22 Cory, Homosexual in America, 278–79; Current Biography 1944 (New York, 1945), 296–99; New York Times, April 5, 1960, p. 37.

23 Current Biography 1944, 298; Commander-in-Chief Atlantic and U.S. Atlantic Fleet to Secretary of Defense, June 1946, file 292, box 800, Decimal File G-1 Personnel, Records of the War Department General and Special Staffs. On the opposition of trade unionists to universal entitlement programs lest such programs create “cringing” and dependent men, see Kessler-Harris, In Pursuit of Equity, 68. Postwar culture tended to conflate effeminacy, weakness, and homosexuality. The connections between degeneration due to excessive social provision and the threat of same-sex sexuality that figured in domestic social policy had a counterpart in Cold War foreign policy. See, for example, K. A. Cuordileone, “‘Politics in an Age of Anxiety’: Cold War Political Culture and the Crisis in American Masculinity, 1949–1960,” Journal of American History, 87 (Sept. 2000), 515–45; and Robert L. Griswold, “The ‘Flabby American,’ the Body, and the Cold War,” in A Shared Experience: Men, Women, and the History of Gender, ed. Laura McCall and Donald Yacovone (New York, 1998), 323–48.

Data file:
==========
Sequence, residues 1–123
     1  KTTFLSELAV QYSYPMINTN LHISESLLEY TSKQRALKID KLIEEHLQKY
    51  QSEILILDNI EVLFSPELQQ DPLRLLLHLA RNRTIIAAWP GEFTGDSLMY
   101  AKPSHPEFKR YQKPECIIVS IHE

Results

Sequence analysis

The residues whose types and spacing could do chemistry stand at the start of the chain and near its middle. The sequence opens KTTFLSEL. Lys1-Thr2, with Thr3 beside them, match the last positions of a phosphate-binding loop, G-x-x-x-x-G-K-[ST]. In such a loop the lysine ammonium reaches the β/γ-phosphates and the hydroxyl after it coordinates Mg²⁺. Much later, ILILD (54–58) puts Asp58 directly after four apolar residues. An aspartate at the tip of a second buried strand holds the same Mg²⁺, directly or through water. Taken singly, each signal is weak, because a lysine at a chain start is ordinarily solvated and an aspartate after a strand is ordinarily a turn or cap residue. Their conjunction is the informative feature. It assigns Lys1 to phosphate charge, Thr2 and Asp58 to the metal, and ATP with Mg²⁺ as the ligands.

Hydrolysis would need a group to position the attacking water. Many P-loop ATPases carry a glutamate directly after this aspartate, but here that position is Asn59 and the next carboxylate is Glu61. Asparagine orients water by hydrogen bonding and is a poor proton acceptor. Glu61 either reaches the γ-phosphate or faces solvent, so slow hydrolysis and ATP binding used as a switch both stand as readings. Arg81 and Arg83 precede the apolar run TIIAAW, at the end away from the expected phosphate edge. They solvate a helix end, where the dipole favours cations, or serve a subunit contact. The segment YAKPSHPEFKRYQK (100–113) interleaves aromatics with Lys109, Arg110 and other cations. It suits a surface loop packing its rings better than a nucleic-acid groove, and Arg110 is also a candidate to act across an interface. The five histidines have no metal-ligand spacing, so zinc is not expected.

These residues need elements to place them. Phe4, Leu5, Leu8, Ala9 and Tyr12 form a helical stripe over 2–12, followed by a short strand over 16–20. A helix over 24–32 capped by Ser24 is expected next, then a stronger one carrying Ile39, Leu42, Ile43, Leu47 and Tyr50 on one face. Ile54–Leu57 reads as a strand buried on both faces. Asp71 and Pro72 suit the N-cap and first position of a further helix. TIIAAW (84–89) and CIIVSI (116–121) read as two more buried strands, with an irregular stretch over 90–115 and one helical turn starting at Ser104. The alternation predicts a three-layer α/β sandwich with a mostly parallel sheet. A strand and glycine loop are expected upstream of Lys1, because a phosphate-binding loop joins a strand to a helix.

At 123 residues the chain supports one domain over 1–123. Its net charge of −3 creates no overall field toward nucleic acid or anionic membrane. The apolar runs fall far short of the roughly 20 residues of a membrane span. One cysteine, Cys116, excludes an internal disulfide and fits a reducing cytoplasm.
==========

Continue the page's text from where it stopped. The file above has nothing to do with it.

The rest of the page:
24 Mother to “Dear,” 1944, box 4, World War II Project Records (Gay, Lesbian, Bisexual, and Transgender Historical Society of Northern California, San Francisco, Calif.). The World War II Project Records comprise mostly the primary sources Bérubé collected while researching Coming Out under Fire. I am very grateful to Bérubé for making those sources available to other researchers.